Not content with keeping to motion pictures, games have begun dipping into television. And in the continuing wait for Laverne and Shirley: The RPG (non-US readers may need Google's assistance), we've got Jackass: The Game to take the edge off things. Even Lenny's stupidity can't match the mischief of a surprisingly solid assortment of mini-games, however. Jackass: The Game sets out to take the essence of the show and twist it into a series of playable pranks. In this goal it succeeds, even if its immaturity prevents it from being widely recommendable.
Your task as director of a new season of the now defunct television programme requires taping seven episodes packed with sophomoric stunts. The idiocy that made the TV series so popular has been lovingly instilled into the game, manifested in five pain-inducing stunts per episode. Whether it's using an umbrella to shield yourself from faeces in Poo Shower, or racing refrigerators down the side of a snow slope, or just dancing like a fool with a bikini on, there's no question the game captures the jackassadry of the show.
Objectives guide your performance in each stunt. Golf Wars, for example, has you zipping around a prestigious golf course on a cart – collecting flags and disabling your compadres by ramming them with your vehicle top the list of goals. Another stunt, called Snow Job, rolls you up into a massive snowball that you guide down a mountain with the aim of rolling up snowmobiles and snowboarders, destroying lodges, and reaching a set diameter.
There's actually a decent amount of variety in the challenges to ensure that you're not performing the same banal objectives over and over again.
You're only required to complete a majority of the goals to move on (usually three out of a possible five), while other stunts may involve accumulating a high score – Egg Gulp, for instance, sees Weeman filling up buckets with vomit induced by cramming eggs down his throat. In such cases, simply reach the bronze score goal and you're set to proceed.
Nailing three objectives never is a problem, although getting all five (or achieving gold where appropriate) often poses a considerable challenge. A few difficult mini-games are peppered throughout, and thankfully so, as they provide a much needed kick to Jackass.
Of course, mini-games only go so far before the novelty wears thin. Jackass doesn't aim for a particularly deep experience, but the short length of its Story mode is a concern. A Challenge option that remixes the stunts with harder objectives offers some rescue, even if it isn't actual new content. Still, rewards doled out when achieving stunts in Challenge mode provide a small incentive, ranging from image galleries to costumes for your jackasses.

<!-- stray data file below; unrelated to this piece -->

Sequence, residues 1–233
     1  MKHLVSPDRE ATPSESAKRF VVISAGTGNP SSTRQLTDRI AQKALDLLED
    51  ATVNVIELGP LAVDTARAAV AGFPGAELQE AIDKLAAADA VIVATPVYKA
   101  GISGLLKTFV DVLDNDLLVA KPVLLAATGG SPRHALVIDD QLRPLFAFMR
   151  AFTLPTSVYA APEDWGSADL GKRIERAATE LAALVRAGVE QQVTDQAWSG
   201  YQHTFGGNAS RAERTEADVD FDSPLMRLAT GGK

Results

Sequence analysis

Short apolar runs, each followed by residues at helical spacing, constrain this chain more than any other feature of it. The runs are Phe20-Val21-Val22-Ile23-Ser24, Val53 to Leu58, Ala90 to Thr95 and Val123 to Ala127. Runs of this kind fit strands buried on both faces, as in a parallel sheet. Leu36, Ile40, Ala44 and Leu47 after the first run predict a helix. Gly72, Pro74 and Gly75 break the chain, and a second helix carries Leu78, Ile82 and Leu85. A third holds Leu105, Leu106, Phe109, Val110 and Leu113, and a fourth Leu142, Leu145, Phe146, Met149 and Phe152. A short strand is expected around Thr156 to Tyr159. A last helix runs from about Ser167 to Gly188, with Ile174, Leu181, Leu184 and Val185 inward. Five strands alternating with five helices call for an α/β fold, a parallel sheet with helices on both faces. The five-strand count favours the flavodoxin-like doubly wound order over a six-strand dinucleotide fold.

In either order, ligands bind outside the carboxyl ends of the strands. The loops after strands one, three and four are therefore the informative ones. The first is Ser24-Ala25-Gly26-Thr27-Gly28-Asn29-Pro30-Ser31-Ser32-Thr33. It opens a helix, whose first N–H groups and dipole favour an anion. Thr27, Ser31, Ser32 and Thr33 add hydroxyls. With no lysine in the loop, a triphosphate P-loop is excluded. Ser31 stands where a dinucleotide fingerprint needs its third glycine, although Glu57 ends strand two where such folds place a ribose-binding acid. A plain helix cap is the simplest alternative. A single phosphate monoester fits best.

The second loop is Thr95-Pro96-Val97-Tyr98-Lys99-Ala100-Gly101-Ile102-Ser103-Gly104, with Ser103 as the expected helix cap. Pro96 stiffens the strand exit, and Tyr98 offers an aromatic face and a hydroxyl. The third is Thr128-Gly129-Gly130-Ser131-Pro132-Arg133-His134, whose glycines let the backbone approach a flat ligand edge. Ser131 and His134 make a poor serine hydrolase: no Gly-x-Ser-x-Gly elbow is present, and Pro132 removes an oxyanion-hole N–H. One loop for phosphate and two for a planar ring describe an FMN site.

Fortunately, additional stunts are available directly from the developer via download, which is a great means of augmenting a rather small amount of gameplay. The best part is that it's free, so there's no reason not to go online grab a couple extra stunts – and you'll want to.
Multiplayer and content sharing also go some way to extend the experience. Stunts are playable for up to four in ad-hoc mode or a pair via infrastructure, and just like the Story mode, the game enables you to choose between playing a single stunt or an entire episode. The unpredictability of competing against others is the only thing that differentiates multiplayer from tackling stunts solo, though, as there aren't any special stunts or modes exclusive to it.
Adding a little extra layer to the mix is the fact that stunt replays can be shared with other players directly in ad-hoc mode or uploaded to the game's dedicated online server. Using a straightforward editor, it's possible to cut replays to your liking and even compile multiple stunt replays into a makeshift episode. Uploaded individual replays and episodes can then be downloaded by others, as well as rated on a five-star scale. You're free to rate others' videos, too.
Finally, the fact the game looks great is also of some benefit. Indeed, Jackass: The Game boasts top-notch production values – the voice acting comes courtesy of the real personas, music is licensed, and motion capture was performed at Weta Digital (of TLOTR fame).
For the odd, occasional quick play, then, Jackass is decent stuff. The mini-game format works perfectly for the portable platform and there's just enough depth to the content to prevent it from feeling completely shallow. If you dig the show, you'll find a lot to like in here. Outside of college dudes, however, we suspect Jackass probably holds about as much appeal as a donkey's behind.